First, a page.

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1 A Psalme of Dauid. Blessed be the Lord my strength, which teacheth my hands to warre, and my fingers to fight.

2 My goodnes and my fortresse, my high tower and my deliuerer, my shield, and he in whome I trust: who subdueth my people vnder me.

3 Lord, what is man, that thou takest knowledge of him? or the sonne of man, that thou makest account of him?

4 Man is like to vanity: his dayes are as a shadow that passeth away.

5 Bow thy heauens, O Lord, and come downe: touch the mountaines, and they shall smoke.

6 Cast forth lightning, and scatter them: shoote out thine arrowes, and destroy them.

7 Send thine hand from aboue, rid me, and deliuer me out of great waters: from the hand of strange children,

8 Whose mouth speaketh vanitie: and their right hand is a right hand of falshood.

9 I will sing a new song vnto thee, O God: vpon a psalterie, and an instrument of ten strings will I sing praises vnto thee.

10 It is he that giueth saluation vnto kings: who deliuereth Dauid his seruant from the hurtfull sword.

11 Rid me, and deliuer me from the hand of strange children, whose mouth speaketh vanitie: and their right hand is a right hand of falshood.

12 That our sonnes may be as plants growen vp in their youth; that our daughters may be as corner stones, polished after the similitude of a palace:

13 That our garners may bee full, affoording all maner of store; that our sheepe may bring forth thousands, and tenne thousands in our streetes.

14 That our oxen may be strong to labour, that there be no breaking in, nor going out; that there be no complaining in our streetes.

15 Happy is that people that is in such a case: yea, happy is that people, whose God is the Lord.

Viewing the original 1611 KJV with archaic English spelling
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Commentary for Psalms 144

David acknowledges the great goodness of God, and prays for help. (1-8) He prays for the prosperity of his kingdom. (9-15)

1-8 When men become eminent for things as to which they have had few advantages, they should be more deeply sensible that God has been their Teacher. Happy those to whom the Lord gives that noblest victory, conquest and dominion over their own spirits. A prayer for further mercy is fitly begun with a thanksgiving for former mercy. There was a special power of God, inclining the people of Israel to be subject to David; it was typical of the bringing souls into subjection to the Lord Jesus. Man's days have little substance, considering how many thoughts and cares of a never-dying soul are employed about a poor dying body. Man's life is as a shadow that passes away. In their highest earthly exaltation, believers will recollect how mean, sinful, and vile they are in themselves; thus they will be preserved from self-importance and presumption. God's time to help his people is, when they are sinking, and all other helps fail.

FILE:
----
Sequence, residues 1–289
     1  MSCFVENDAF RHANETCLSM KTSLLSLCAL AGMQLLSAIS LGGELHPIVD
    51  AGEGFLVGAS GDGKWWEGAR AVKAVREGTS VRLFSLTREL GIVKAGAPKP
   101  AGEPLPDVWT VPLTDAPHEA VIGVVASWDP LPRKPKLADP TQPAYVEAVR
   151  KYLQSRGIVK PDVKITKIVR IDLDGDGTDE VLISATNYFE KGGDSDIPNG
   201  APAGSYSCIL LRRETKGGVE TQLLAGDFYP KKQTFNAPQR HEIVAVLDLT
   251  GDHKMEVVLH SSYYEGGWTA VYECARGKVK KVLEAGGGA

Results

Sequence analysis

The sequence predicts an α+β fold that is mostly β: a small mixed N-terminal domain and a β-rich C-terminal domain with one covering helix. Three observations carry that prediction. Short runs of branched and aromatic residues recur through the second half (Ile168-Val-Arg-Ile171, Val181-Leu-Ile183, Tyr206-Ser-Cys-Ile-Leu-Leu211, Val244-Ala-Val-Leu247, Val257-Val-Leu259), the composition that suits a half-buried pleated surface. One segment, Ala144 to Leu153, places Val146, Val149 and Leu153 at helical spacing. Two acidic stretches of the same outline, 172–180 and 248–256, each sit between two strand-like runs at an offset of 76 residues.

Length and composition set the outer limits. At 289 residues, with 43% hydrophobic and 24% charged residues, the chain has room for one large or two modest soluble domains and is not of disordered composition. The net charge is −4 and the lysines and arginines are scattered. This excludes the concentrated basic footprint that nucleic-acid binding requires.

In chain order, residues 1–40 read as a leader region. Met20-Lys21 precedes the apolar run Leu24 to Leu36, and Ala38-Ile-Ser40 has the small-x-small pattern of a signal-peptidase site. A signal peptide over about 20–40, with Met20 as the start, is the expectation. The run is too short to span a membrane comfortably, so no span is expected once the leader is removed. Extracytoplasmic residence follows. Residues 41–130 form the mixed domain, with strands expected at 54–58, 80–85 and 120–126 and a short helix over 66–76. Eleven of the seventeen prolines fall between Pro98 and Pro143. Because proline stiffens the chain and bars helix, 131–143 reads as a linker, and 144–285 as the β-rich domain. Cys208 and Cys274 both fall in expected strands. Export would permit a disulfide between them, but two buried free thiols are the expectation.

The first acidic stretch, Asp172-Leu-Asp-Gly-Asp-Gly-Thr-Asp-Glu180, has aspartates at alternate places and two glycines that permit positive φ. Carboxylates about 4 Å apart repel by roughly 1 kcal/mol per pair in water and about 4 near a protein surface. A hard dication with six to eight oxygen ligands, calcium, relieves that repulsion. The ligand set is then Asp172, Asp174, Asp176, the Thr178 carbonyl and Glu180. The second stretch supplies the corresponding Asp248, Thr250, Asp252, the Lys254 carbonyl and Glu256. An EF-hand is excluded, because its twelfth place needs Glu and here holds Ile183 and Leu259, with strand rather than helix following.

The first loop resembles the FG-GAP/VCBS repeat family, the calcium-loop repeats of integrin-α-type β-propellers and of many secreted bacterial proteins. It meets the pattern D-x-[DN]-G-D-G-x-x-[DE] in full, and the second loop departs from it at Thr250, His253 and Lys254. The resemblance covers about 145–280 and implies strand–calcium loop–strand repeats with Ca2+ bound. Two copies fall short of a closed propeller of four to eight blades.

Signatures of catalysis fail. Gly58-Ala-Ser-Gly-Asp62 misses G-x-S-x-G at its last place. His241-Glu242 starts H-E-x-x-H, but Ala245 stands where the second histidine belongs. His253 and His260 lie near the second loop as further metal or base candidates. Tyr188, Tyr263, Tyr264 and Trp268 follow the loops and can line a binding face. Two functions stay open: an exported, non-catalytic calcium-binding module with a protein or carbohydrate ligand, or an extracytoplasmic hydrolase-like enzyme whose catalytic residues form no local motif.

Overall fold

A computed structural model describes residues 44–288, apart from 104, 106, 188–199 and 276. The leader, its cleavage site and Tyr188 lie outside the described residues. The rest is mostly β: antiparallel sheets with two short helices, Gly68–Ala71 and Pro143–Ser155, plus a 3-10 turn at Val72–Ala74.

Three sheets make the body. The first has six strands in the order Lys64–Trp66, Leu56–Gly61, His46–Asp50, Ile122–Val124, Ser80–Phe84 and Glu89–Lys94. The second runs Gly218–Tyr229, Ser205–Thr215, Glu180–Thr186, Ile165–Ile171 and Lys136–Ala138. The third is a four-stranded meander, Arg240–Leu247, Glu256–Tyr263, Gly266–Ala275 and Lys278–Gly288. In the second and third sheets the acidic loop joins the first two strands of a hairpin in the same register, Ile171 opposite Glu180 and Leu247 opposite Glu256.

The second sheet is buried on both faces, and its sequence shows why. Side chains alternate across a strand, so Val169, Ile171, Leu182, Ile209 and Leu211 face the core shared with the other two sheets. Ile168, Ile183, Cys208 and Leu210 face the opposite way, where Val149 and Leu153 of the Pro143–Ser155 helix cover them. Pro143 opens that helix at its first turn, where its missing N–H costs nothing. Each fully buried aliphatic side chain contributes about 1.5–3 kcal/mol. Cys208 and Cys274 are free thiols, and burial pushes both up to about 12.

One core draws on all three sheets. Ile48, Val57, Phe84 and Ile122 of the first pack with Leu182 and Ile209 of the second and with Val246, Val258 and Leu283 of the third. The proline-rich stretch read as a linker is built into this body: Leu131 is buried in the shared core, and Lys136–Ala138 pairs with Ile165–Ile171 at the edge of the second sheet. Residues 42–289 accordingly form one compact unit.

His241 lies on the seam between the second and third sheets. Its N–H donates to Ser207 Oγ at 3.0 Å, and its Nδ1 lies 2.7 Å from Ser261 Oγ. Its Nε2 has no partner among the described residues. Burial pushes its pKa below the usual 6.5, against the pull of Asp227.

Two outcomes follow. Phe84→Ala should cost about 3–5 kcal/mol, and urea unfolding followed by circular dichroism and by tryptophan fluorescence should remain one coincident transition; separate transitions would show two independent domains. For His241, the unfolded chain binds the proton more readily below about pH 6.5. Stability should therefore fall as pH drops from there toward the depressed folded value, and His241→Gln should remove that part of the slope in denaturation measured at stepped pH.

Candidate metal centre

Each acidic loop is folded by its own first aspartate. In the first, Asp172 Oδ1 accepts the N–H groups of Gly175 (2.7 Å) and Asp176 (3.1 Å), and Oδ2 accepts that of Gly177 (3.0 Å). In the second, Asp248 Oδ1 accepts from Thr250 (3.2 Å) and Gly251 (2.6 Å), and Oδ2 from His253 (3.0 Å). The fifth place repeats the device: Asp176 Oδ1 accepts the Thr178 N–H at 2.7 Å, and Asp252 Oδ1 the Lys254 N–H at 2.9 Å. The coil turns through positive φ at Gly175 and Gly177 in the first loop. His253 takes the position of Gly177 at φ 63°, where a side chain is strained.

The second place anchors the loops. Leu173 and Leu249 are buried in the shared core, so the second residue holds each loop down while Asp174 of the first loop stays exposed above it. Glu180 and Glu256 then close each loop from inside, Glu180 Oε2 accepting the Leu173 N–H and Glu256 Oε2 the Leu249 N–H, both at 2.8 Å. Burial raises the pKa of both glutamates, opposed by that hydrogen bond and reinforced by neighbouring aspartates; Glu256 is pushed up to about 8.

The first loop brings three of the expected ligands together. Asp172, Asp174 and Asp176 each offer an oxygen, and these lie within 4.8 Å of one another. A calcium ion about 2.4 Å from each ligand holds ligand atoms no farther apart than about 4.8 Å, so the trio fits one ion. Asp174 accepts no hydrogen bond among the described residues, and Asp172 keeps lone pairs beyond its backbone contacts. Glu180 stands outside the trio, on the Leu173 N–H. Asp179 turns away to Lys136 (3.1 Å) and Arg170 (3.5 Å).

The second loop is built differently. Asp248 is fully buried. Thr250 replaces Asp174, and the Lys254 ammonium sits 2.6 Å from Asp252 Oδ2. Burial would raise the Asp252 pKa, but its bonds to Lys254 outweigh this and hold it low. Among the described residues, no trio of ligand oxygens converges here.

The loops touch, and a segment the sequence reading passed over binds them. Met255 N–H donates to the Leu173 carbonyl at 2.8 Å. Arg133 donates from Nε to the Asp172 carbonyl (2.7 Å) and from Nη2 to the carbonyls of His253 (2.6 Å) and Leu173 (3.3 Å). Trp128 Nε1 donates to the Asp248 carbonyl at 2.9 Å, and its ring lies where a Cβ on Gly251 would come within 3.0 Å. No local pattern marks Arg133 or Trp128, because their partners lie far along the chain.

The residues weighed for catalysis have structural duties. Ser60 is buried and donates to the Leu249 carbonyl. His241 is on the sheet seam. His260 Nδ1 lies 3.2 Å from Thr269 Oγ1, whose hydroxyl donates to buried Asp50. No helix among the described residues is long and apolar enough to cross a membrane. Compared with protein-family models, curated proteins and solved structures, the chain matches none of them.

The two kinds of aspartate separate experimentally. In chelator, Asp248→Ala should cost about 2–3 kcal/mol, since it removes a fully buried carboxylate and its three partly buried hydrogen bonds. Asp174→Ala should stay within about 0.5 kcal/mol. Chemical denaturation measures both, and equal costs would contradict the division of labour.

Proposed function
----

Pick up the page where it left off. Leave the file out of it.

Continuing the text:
9-15 Fresh favours call for fresh returns of thanks; we must praise God for the mercies we hope for by his promise, as well as those we have received by his providence. To be saved from the hurtful sword, or from wasting sickness, without deliverance from the dominion of sin and the wrath to come, is but a small advantage. The public prosperity David desired for his people, is stated. It adds much to the comfort and happiness of parents in this world, to see their children likely to do well. To see them as plants, not as weeds, not as thorns; to see them as plants growing, not withered and blasted; to see them likely to bring forth fruit unto God in their day; to see them in their youth growing strong in the Spirit. Plenty is to be desired, that we may be thankful to God, generous to our friends, and charitable to the poor; otherwise, what profit is it to have our garners full? Also, uninterrupted peace. War brings abundance of mischiefs, whether it be to attack others or to defend ourselves. And in proportion as we do not adhere to the worship and service of God, we cease to be a happy people. The subjects of the Saviour, the Son of David, share the blessings of his authority and victories, and are happy because they have the Lord for their God.

Commentary by Matthew Henry, 1710.

Discussion for Psalms 144

  • Tina Marie Cates-Coy
    Now just know that Jesus was the Jehovah of the old testament and Jesus of the new testament
  • Steve morrow
    psalm 144:3 LORD what is man that thou takest knowledge of him or the son of man that thou makest account of him 144:4 MAN IS LIKE TO VANITY HIS DAYS ARE AS A SHADOW THAT PASSETH AWAY Isaiah 2:22 cease ye from man whose breath is in his nostrils for wherein is he to be accounted of
  • Steve morrow
    PSALM 144:3 LORD WHAT IS MAN THAT THOU TAKEST KNOWLEDGE OF HIM OR THE SON OF MAN THAT THOU MAKEST ACCOUNT OF HIM (4) MAN IS LIKE TO VANITY HIS DAYS ARE AS A SHADOW THAT PASSETH AWAY ISAIAH 2:22 CEASE YOU FROM MAN WHOSE BREATH IS IN HIS NOSTRILS FOR WHEREIN IS HE TO BE ACCOUNTED OF PROVERBS 19:27 CEASE MY SON TO HEAR THE INSTRUCTION THAT CAUSETH TO ERR FROM THE WORDS OF KNOWLEDGE

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